Commencement 2018

A Call for Love and Dreaming

A photo of six new alumnae from the class of 2018 celebrate after the ceremony.

Wellesley marked its 140th Commencement exercises with the pomp and circumstance of trustees and faculty in full academic regalia—and giant screens focusing on the faces of the class of 2018 as they took their final walk as undergraduates. The students wore tams with purple tassels, some decorated with bandeaus of flowers. Their stoles declared their majors or their passions. One student marched draped in the Kenyan flag. All of them brought their dreams—and the day’s three featured speakers honed in on those aspirations in their remarks.

Commencement speaker Tracy K. Smith, Poet Laureate of the United States, told the class, “You belong to a remarkable generation. … I feel stronger for your example, and for the fact of your presence, your resonant voices, your nimble minds, and your huge hearts.” She spoke of “the underlying capacity that I believe animates all of the many strides your generation is already making.” That capacity, she said, is love.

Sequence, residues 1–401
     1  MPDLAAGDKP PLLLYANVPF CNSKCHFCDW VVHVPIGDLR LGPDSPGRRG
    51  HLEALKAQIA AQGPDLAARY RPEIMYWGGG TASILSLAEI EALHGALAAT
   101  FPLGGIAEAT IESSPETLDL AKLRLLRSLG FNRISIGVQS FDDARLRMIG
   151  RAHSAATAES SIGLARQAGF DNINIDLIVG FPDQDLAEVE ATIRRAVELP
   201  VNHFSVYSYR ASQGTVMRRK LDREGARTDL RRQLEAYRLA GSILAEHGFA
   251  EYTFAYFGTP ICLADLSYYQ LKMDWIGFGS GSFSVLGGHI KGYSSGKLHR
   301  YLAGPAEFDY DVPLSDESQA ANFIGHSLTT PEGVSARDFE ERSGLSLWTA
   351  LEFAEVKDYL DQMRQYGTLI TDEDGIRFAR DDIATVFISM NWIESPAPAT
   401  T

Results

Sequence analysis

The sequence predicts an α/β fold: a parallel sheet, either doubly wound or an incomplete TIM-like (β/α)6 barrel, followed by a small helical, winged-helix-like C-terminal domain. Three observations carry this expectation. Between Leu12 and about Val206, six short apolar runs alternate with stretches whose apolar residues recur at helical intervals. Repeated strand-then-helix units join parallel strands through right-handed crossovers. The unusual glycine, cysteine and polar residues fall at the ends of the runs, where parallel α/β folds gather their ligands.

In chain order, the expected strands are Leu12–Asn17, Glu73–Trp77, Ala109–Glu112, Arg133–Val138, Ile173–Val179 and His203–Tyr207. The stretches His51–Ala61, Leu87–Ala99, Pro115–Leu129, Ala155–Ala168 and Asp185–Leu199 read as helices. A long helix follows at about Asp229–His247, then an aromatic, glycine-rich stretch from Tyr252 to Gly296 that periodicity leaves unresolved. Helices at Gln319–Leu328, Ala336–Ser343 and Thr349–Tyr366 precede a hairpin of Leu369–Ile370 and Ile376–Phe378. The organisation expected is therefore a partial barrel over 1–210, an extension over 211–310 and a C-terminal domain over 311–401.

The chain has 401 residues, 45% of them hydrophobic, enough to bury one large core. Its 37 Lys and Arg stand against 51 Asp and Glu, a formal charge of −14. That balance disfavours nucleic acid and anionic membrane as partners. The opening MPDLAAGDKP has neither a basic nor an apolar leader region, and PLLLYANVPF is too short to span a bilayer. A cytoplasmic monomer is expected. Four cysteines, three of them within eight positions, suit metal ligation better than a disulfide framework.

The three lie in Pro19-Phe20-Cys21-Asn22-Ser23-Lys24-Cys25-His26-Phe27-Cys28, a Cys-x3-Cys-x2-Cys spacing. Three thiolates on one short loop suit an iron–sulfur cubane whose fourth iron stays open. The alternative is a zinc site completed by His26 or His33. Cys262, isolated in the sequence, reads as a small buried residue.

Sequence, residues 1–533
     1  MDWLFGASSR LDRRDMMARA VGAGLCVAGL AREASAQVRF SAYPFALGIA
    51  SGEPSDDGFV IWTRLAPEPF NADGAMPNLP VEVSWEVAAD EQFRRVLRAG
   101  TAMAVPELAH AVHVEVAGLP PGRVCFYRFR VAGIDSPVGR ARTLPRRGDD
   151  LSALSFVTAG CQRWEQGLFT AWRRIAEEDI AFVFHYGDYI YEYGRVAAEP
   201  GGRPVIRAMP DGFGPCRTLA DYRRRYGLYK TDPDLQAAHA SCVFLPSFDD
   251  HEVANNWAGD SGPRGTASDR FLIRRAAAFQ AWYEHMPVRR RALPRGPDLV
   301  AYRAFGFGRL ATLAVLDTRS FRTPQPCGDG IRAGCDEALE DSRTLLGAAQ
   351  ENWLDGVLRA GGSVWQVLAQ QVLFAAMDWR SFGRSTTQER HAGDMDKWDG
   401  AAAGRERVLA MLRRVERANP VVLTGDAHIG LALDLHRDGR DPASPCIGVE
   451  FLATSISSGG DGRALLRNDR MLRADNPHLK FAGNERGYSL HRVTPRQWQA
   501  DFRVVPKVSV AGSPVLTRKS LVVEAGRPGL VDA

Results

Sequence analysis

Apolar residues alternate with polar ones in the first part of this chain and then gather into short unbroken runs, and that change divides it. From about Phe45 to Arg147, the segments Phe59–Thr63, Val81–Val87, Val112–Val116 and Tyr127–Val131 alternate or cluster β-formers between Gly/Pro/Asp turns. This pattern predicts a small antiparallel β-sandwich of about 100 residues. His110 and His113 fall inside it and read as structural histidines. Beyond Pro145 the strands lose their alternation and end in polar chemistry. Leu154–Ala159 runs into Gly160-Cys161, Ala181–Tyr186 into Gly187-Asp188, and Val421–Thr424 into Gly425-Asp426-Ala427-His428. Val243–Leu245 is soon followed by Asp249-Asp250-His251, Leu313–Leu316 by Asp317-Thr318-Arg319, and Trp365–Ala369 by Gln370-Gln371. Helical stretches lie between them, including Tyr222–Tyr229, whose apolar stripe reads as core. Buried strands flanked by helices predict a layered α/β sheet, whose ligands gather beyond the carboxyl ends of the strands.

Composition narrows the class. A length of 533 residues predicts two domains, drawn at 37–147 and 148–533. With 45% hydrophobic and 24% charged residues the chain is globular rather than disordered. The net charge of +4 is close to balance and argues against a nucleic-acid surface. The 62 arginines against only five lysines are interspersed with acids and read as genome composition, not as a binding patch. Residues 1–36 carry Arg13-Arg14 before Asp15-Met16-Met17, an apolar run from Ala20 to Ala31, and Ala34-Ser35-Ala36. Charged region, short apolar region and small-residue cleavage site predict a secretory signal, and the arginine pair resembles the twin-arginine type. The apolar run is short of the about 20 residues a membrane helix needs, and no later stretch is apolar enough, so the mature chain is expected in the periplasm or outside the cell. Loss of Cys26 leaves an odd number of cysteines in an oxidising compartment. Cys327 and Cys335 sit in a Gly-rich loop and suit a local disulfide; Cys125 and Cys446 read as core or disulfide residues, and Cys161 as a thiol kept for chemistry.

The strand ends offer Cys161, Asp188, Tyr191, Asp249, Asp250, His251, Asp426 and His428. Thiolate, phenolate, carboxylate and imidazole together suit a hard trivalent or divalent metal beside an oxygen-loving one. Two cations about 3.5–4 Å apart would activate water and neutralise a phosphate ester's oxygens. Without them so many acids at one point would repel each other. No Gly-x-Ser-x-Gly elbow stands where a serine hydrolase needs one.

“[T]he challenge incumbent upon your generation … the great challenge within or beneath the challenges of climate change, of school safety, of supporting and defending one another’s mental health, the challenge of a fair and humane immigration policy, and of a host of competing urgencies, is the challenge of loving in such a way that your sense of security, gratitude, honor, belief, joy, and worth affirms and amplifies those things in others.”

President Paula Johnson exhorted the class to “commit to a lifelong path of practical dreaming.” She reminded them that 2018 was the 50th anniversary of the assassination of Dr. Martin Luther King, Jr. “In what remains perhaps his most famous speech, Dr. King spoke of a dream—a dream that his four children would one day live in a nation ‘where they will not be judged by the color of their skin but by the content of their character.’ It’s not by chance that he used the word ‘dream.’ He knew the power of language. And he knew the power of dreams to drive change across time and space.”

Student speaker Marley Forest ’18 charged the purple class of 2018 to “recognize your ambitions and your dreams and be proud of them. … As individuals, we can each make a difference in this world, but as a community, we can and we will change it. Here’s to a lifetime of changing the world—together.”

Practical dreamers, indeed.

Photography by Richard Howard

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